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Conn NWII / 14M Bass Saxophone Original CASE Fully Restored$ 1,100
I spent $500+ getting this rare original Conn bass sax case restored, and it’s in really great condition now! Fresh shell reinforcement and repair, internal padding and fabric, added latch, new handle, fresh coat of paint, and case feet. I am tempted to keep it for when I eventually find a nice later Conn bass. NOTE: This case ONLY fits the ‘plumber neck’ version NWII/14M, NOT the NW1 and earlier Conn bass with a neck that looks like a bari sax.
EchoMaster Baritone Ligature LARGE For Selmer, Vandoren, Yanagisawa, Gale and Similar Mouthpieces$ 165
EchoMaster Baritone Saxophone Ligature for larger bodied baritone saxophone mouthpieces. This is what Brilhart might have made if they had ever made their incredibly popular BB screws ligature for baritone saxophone, instead of just for alto and tenor. Thanks to EchoMaster, now you can play one of these on your baritone mouthpieces too! There are two sizes that fit baritone mouthpieces, so check the photos. I tried this on lots of baritone mouthpieces to see what kinds of them it fits, and I took lots of photos showing fit. Check the slim body baritone ligature listing as well, to see if your mouthpiece falls into that category instead, and email me at [email protected] if you are not sure. This ligature is stamped BT on the side, and it fits larger body mouthpieces. However, it does not fit really large vintage baritone mouthpieces from the 1920’s like the old Conn Eagle, or vintage Lelandais, Martin, Buescher etc. If you have a vintage hard rubber Otto Link, here are a few notes on fit. The very oldest Otto Link Slant Tone Edge like this has a huge body almost like a bass sax mouthpiece, and will not fit this ligature. The Slant immediately after, like this, will fit this ligature. And the modern Tone Edge also fits this ligature, unless it is really slim like a Meyer, in which case you need the Slim body baritone ligature instead.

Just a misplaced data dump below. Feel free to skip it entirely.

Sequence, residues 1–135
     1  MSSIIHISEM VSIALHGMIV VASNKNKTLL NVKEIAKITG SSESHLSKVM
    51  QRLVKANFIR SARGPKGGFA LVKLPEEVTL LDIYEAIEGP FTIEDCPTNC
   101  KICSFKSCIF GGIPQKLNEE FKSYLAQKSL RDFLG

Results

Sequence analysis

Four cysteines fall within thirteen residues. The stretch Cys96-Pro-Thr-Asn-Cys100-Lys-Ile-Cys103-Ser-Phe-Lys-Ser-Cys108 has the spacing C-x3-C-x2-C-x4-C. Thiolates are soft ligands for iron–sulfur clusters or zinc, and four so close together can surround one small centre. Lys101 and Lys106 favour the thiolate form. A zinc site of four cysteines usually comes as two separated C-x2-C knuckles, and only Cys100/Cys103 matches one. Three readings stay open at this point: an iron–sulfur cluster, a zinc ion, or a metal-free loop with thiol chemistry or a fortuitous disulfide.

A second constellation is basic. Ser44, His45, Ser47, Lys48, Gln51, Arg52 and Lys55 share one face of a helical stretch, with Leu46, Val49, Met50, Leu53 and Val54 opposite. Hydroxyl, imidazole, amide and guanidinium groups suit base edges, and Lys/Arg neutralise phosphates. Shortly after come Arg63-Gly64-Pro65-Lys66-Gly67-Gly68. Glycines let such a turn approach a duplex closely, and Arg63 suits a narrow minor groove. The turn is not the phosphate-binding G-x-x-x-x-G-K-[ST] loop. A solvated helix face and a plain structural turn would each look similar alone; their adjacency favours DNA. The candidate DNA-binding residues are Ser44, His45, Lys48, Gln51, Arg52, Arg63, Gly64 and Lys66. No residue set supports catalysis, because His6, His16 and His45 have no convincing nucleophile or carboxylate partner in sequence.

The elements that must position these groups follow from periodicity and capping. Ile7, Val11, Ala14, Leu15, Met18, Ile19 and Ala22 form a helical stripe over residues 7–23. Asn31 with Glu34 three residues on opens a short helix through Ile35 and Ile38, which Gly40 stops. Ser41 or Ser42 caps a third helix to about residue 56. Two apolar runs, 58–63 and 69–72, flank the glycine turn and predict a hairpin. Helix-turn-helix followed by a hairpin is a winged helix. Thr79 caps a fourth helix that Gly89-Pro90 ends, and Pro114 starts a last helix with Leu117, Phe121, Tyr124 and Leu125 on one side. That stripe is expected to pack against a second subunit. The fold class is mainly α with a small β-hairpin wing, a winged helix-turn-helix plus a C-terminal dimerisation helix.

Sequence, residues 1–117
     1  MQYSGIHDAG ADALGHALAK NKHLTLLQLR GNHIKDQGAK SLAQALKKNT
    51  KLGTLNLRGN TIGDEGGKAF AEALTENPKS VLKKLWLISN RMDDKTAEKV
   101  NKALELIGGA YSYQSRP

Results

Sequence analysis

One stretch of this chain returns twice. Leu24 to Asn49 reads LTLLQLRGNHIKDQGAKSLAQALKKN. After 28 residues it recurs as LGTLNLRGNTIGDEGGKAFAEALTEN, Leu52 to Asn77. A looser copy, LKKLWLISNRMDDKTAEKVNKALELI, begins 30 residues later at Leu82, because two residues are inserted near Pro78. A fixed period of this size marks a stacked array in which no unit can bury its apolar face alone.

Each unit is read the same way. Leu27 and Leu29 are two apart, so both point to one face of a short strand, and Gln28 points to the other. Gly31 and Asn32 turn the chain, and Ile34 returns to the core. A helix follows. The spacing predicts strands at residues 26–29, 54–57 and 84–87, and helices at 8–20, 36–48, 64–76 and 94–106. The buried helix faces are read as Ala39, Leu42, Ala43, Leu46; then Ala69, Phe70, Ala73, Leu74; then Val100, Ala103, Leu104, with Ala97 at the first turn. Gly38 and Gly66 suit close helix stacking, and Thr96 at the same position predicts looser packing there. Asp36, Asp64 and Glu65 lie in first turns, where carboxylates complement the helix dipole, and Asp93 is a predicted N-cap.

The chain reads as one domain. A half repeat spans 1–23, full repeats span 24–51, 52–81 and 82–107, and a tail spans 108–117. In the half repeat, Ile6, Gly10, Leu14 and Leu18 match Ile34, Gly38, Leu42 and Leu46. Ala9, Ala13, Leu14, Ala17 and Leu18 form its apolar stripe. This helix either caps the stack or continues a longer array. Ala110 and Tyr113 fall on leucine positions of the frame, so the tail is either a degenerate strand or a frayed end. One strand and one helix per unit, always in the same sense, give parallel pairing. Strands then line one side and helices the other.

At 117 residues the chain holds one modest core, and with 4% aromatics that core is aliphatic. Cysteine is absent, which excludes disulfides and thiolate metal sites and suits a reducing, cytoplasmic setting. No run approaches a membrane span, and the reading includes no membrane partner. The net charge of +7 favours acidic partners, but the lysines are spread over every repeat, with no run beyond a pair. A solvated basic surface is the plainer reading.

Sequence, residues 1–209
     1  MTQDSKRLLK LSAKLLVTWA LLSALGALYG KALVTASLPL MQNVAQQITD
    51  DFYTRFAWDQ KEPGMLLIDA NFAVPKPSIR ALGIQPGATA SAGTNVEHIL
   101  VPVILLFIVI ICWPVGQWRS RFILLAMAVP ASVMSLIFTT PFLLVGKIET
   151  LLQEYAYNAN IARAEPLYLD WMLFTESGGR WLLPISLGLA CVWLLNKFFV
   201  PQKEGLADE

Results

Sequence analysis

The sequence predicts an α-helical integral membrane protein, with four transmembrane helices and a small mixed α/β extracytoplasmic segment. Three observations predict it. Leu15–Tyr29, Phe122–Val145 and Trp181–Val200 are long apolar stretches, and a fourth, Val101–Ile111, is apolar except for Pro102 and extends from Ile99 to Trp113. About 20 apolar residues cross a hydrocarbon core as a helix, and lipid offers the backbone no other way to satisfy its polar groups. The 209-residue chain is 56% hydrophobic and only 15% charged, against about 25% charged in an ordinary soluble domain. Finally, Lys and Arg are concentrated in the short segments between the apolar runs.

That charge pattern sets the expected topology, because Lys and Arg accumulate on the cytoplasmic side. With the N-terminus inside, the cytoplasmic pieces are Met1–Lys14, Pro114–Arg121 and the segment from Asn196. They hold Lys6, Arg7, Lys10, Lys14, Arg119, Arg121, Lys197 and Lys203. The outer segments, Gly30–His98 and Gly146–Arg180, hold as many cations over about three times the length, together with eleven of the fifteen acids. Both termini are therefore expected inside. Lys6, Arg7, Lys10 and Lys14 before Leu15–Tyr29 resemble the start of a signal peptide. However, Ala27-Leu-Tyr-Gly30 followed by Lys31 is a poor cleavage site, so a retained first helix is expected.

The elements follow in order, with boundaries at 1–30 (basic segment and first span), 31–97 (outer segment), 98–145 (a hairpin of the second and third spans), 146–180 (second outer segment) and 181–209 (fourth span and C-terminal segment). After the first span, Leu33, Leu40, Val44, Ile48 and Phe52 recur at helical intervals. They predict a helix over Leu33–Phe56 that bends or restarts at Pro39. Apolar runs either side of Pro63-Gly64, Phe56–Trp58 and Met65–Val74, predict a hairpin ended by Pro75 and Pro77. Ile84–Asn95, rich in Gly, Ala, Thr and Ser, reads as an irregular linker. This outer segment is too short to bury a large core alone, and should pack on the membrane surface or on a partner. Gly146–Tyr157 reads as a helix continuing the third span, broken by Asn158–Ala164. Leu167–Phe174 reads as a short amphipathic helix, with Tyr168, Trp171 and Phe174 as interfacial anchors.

EchoMaster Baritone Ligature Slim, Mouthpieces For Berg Larsen, RPC, Meyer and Similar Hard Rubber$ 165
EchoMaster Brilhart style ligatures for BARITONE Saxophone now available! If you’re here, you probably know about these ligatures already, but basically, these are an extremely good reproduction of the most desirable vintage ligature that was made by Brilhart in the 50’s and 60’s. This is a special new product sized for baritone saxophone mouthpieces, which Brilhart never made.
I’ve been holding off listing these for a while, because I wanted to figure out which ligature fits which types of mouthpieces. Bari mouthpieces have a lot more variation in diameter than alto or tenor mouthpieces do. The LARGE (BT-stamped) ligature, listed separately at this link, fits Selmer (S80 and Soloist), Otto Link Tone Edge, Gale / MC Gregory, Vandoren, Yanagisawa hard rubber, Rousseau classical and similar.
The SLIM size ligature listed in this listing (T-stamped) fits RPC, Berg Larsen Hard Rubber, Rousseau Jazz, Rico Metallite, Meyer, and other slim baritone saxophone mouthpieces. It also fits most hard rubber tenor saxophone mouthpieces, which could be handy for some people.Soon, I will add a listing for metal Otto Link baritone mouthpieces soon, but this is the ligature that fits metal link bari pieces, and a lot of other similar bari pieces, if you’re curious.
Selmer Mark VI Baritone Low A Near Mint 208k Original Pads$ 12,500
Selmer Mark VI Baritone Original Lacquer 1962 100463 Recent Overhaul Low Bb Great!$ 7,500
Original lacquer Low Bb Selmer Mark VI baritone saxophone with a fresh overhaul done last year, and lightly played since. This is a desirable serial 100463 dating to 1962, and it’s the exact same horn as a late 5-digit serial Mark VI baritone in every way. The tone is medium dark, and powerful, with a good amount of focus. Response is easy. This horn is free blowing and just easy to play. The low Bb means that it’s lighter and feels almost like a tenor to hold. You can see a bit of dent work done on the back of the bottom bow, and some lacquer loss from removing the bow to do the dent work. Besides that, it’s in quite good shape. The bell flare, body tube, and upper bow are all undamaged! That’s remarkable! The original neck with matching serial is also in excellent, undamaged condition. If you want a beautiful early Selmer Mark VI bari that is in great shape, plays well, and is recently overhauled, you’d have a hard time doing better than this one for the price.